Horror lends itself well to locales off the beaten track. Backwoods towns straddle the border between old world and modernity, nature and civilization, making them ideal settings for superstition to thrive. And this kind of dark fairy tale atmosphere is what Pumpkinhead is all about.
The movie opens with young Ed Harley’s family refusing a panicked neighbor shelter in their home. The man runs off, only for Ed to witness his death at the hands of a monstrous creature during the night.
Decades later, Ed (Lance Henriksen) runs the town shop while taking care of his own son. The two are content with their simple lives until a group of teenagers looking for a cabin stop for supplies. One tragic accident later, and Ed is left with the lifeless body of his child and the memory of the creature he saw when he was just a boy.
There are definitely tropes present in Pumpkinhead. Half the movie actually plays out very much like a stereotypical slasher film. The teenagers are bumped off one by one in various awful ways. They run, the creature always catches up somehow… you get the idea.
However, what elevates this movie so much is the half centered on Ed Harley. Lance Henriksen puts in a hell of a performance, and the audience gets a good look at the grief and rage driving him to make the Faustian deal he strikes–as well as the guilt that follows. Ed doesn’t just get his revenge; through blood, he’s linked to the demon and forced to experience its killings himself. It’s a good twist and provides a strong enough reason for him to reconsider what he’s done.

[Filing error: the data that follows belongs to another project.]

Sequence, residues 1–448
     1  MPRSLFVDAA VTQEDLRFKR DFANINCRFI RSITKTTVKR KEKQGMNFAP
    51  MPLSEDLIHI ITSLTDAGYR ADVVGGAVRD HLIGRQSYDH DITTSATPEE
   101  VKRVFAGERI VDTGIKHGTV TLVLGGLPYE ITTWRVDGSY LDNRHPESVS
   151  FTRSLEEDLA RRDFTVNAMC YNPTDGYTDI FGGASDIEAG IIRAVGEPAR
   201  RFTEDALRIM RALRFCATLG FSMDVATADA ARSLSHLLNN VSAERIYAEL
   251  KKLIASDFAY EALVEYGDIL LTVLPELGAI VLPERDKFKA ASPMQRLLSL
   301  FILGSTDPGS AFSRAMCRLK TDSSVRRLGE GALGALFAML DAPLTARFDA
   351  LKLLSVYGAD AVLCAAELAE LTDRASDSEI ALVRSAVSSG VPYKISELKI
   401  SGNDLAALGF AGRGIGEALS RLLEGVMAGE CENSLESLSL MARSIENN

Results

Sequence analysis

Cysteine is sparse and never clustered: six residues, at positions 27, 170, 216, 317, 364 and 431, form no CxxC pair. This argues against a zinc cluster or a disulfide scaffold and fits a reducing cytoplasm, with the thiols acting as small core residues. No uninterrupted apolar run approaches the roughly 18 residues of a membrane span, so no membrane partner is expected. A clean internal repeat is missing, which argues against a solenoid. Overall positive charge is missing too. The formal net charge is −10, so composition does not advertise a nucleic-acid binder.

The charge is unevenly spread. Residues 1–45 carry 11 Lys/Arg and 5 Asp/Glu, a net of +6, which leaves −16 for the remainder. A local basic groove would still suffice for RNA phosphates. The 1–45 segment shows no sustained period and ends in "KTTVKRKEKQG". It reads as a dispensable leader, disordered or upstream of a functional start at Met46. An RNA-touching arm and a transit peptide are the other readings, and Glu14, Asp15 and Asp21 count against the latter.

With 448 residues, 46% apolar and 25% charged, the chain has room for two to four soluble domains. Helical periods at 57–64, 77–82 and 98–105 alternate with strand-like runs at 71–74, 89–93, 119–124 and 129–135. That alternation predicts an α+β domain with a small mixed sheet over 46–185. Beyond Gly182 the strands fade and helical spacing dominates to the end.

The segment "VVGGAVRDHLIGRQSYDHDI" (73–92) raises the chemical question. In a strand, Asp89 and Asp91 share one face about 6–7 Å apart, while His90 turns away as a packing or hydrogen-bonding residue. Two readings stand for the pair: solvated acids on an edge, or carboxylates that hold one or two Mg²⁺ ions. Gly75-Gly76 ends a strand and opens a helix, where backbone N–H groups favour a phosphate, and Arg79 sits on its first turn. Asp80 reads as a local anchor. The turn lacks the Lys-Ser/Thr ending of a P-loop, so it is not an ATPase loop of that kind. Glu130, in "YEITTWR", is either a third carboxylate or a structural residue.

As expected from Stan Winston (who also directed), the titular monster is great to look at. It’s easy to see shades of the classic xenomorph from the Alien films, but there are enough differences to keep the design fresh and memorable. The process Ed has to go through to summon it is pure fairy tale, complete with an ancient witch (amusingly named, “Haggis”) and an eerie pumpkin patch that holds unspeakable things. It’s a lot of creepy fun.
While not a perfect film, Pumpkinhead is a great watch for fans of the genre. There’s a good actor giving it his damnedest and a killer far more unique in design and origin than its more conventional slasher kin. Already something of a cult classic due to its many appearances on cable, I can only hope more people give it a look.